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I am about to install a ceiling fan where there was only a simple light fixture before.

The existing electrical box will be removed, and I will install this box in its place. This has me attaching the box directly to a single joist in the ceiling.

I am not planning to use a brace to suspend the box between two joists. This is a relatively modern house from the 70s and the ceiling appears to be in good condition. I am wondering do I need to reinforce the joists at all or is this sufficient to hang a ceiling fan of average weight?

  • What is the size of these joists 2x4, 2x6, 2x8, etc? How much clearance do you have between the ceiling and whatever structure is above the joists? – Jim Stewart Jul 13 at 1:16
  • Why are you trying to whack-a-dack it instead of getting a fan box that's made to attach to a single joist? – ThreePhaseEel Jul 13 at 19:07
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Brace Yourself!

The problem is not the simple strength of the ceiling joists - we'll presume that even a single joist is strong enough to hold up a fan. The problem is that a box next to a joist will not be stable enough to support a fan if it is only supported on one side. A typical brace solves that problem.

An alternative is to place the box under a joist. However, unless this is an open ceiling, that will (a) have the box dropping below the finished ceiling and (b) not look very nice.

So unless you really like a wobbling fan, use a brace: enter image description here

You also get the nice advantage of more flexibility for placement of the fan, though if you are making use of an existing hole in the ceiling then that is a non-issue.

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That is a new-work box. It is intended to be installed before drywall goes up.

However, I see two big bolts that appear to attach the box proper to its included bracket. It appears they are separable, e.g. for the purpose of accessing the mounting screws. If you can find a way to install it exactly and fully as the instructions state, that would be fine. Obviously that would involve some intricate "dental" work in close quarters that would be impossible if the box didn't separate, but the separation of box and bracket may allow that.

Do not do it wack-a-dack merely because doing it correctly is too hard -- that's what people are warning you off from.

However if you can do it as the box is intended to mount, then the box is literally built to work that way.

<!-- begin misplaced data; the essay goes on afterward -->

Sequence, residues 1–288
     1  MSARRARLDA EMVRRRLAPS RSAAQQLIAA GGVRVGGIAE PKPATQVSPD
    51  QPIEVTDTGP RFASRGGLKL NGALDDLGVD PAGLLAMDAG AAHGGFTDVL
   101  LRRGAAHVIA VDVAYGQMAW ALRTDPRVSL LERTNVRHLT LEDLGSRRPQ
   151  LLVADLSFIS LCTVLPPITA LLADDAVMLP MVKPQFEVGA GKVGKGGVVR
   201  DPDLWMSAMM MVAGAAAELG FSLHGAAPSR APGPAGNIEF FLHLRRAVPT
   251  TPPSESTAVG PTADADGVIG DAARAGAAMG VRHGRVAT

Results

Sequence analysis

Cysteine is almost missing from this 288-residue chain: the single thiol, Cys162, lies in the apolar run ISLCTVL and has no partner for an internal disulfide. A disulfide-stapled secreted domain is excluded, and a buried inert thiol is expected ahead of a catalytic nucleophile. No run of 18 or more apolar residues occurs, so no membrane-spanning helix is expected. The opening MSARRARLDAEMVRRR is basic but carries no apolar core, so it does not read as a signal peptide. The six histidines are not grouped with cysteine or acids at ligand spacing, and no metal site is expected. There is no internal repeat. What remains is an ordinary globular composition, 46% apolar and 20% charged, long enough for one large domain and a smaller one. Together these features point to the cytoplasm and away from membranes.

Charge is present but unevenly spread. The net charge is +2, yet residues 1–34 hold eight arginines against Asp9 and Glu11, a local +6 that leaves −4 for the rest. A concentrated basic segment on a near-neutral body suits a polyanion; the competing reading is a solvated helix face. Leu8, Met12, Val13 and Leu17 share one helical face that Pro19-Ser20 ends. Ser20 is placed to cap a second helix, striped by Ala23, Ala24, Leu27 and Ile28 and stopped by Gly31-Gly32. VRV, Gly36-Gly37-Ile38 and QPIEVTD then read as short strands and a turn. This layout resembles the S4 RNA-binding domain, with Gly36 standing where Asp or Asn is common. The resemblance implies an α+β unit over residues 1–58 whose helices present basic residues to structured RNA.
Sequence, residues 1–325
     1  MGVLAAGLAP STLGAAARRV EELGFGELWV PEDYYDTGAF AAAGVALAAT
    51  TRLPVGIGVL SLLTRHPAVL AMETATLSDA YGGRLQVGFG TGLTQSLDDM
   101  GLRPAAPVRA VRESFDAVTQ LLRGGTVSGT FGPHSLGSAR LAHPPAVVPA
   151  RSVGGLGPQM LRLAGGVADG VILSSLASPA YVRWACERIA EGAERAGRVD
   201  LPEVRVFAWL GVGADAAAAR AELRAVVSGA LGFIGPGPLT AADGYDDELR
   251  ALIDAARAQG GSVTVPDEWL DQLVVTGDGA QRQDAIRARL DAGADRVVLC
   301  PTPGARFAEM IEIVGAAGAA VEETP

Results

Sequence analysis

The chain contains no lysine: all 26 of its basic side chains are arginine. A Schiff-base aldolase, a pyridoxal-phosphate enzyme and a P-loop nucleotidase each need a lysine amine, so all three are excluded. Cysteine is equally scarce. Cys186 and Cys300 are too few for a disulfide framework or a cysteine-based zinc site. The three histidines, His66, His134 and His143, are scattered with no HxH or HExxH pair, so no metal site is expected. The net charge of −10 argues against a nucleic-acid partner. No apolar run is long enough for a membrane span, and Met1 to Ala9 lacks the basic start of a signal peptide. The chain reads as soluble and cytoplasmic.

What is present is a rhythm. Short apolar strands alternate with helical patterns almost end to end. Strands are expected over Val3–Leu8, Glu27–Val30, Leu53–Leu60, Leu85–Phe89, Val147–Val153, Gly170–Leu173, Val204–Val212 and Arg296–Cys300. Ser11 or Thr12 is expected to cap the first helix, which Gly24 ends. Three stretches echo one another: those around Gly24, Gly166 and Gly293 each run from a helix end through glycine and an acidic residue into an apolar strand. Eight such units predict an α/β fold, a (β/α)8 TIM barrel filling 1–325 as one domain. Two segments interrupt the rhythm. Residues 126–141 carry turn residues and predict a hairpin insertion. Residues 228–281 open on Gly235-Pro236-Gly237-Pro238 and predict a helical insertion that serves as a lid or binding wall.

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    The description on the box does state that it is for use in both new and old work. – castis Jul 15 at 2:09
  • @castis OK, that explains why it has bolts to allow the box to separate from the bracket. – Harper - Reinstate Monica Jul 15 at 18:31
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The description of this box does not state it can be installed through an existing hole in ceiling drywall. It may be for installation before the ceiling drywall is in place.

If for some reason you cannot use a "brace" between two studs, you could use a saddle box around this stud and hang the fan directly under the stud. The saddle box does not project past 1/2 inch drywall and is covered by the fan shroud. You cut away the drywall to match the circular outline of the box and you would have to patch the old hole.

The saddle box itself does not hold the fan. The fan support bracket is held by screws which go through the box and deep into the stud. You would then have to patch the ceiling.

The probable best solution is the brace between two studs. The box on the brace might not be able to be positioned as close to the joist as the original box so you might have to cut away some drywall on the side of the existing hole away from the joist. You could use this to patch the other side of the hole which may be covered by the shroud on the fan.

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    The description on the box does state that it is for use in both new and old work. – castis Jul 15 at 2:09
  • I can't see where it says that but I take your word for it. I can imagine the details of how it would be used in a retrofit: box separates from metal bracket which is screwed to the joist. Sheet metal tab on box is slipped under the drywall (and nailed or screwed through the drywall?), then box attached to the bracket. But how deep a joist is required for the box to fit flush with the drywall? And is this necessary? Why wouldn't it be better to use a brace? But OK go for it! – Jim Stewart Jul 15 at 2:49

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